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How to ruin Mets COO Jeff Wilpon's day in a few words

It's not easy being Jeff.

Brad Penner-USA TODAY Sports

Jeff Wilpon woke up at 5:15 AM, hit the alarm clock, and put on his robe. He stuck his feet into his slippers, wiped the sleep away from his eyes, and had a single thought come to his mind.

"Maybe today will be the day."

As he brushed his teeth and hopped into the shower, his mind kept coming back to it. The thought hung there like the towel on the rack above the sink. "Could today be the day?", he asked himself. He pondered the idea some more, hoping to come up with an inkling of what it would be like. Was today going to be different? Maybe the planets lined up in some cosmic way, managing to eliminate it as a topic of conversation. Maybe I'll wake up and it'll all be different. He grabbed his morning paper, took a deep breath, and looked to the sky.

"What would a day be like," he thought, "if not a single person asked me about the Mets' payroll?"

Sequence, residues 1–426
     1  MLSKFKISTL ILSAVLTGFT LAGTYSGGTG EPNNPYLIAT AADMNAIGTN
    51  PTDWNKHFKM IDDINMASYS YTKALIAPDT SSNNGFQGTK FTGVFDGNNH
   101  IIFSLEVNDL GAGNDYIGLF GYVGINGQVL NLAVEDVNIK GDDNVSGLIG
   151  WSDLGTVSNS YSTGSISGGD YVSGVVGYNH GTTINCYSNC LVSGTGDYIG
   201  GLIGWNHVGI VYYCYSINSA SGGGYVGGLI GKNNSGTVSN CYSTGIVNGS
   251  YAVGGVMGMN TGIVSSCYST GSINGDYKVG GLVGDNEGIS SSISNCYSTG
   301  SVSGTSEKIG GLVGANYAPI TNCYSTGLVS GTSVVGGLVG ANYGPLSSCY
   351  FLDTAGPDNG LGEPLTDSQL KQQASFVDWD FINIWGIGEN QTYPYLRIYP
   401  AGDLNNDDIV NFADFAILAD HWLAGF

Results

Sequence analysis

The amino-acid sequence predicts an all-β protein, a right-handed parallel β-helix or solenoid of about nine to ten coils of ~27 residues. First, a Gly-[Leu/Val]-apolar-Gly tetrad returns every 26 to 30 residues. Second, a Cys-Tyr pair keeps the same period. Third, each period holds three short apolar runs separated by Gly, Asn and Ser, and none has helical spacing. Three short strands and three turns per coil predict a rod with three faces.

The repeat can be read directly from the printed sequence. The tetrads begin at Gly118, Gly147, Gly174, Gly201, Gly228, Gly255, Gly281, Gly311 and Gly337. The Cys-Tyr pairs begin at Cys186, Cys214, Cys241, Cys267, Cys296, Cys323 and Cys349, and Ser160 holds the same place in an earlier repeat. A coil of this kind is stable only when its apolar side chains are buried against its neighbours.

Just the thought of that question made him bristle. You see, Jeff hated to be asked about the Mets' payroll. If he could just run away when the topic was brought up, he would. "How do I answer a question that there's no answer to?" Jeff pondered. "If only there were a way to change the topic, if only there were a way to make the questions stop."

Driving down the highway, Jeff's mind drifted to other topics. As he reached his favorite coffee shop to pick up his morning cup of joe, he waved to a friend whom he recognized. They shared a laugh and he headed inside to make his purchase. Standing in line in silence, Jeff felt at peace with the world. "3.95", said the cashier who handed Jeff his latté. That was when it happened.

"Hey, Mr. Wilpon! What's happening with the Mets? Are you gonna pay Cespedes to come back?"

Jeff felt his face become warmer than the latté in his hand. He squeezed it and the coffee spilled all over the ground, onto his pants. His day was ruined and there was nothing he could do about it. Today wasn't the day.

All of this because there was absolutely no way for him to remedy the situation of the Mets' finances.





Well, other than paying money for good baseball players at positions of need, that is. Beyond that? Absolutely nothing!

The preceding is purely fiction, adapted from the following comment in Ken Rosenthal's piece last night:

Ken Rosenthal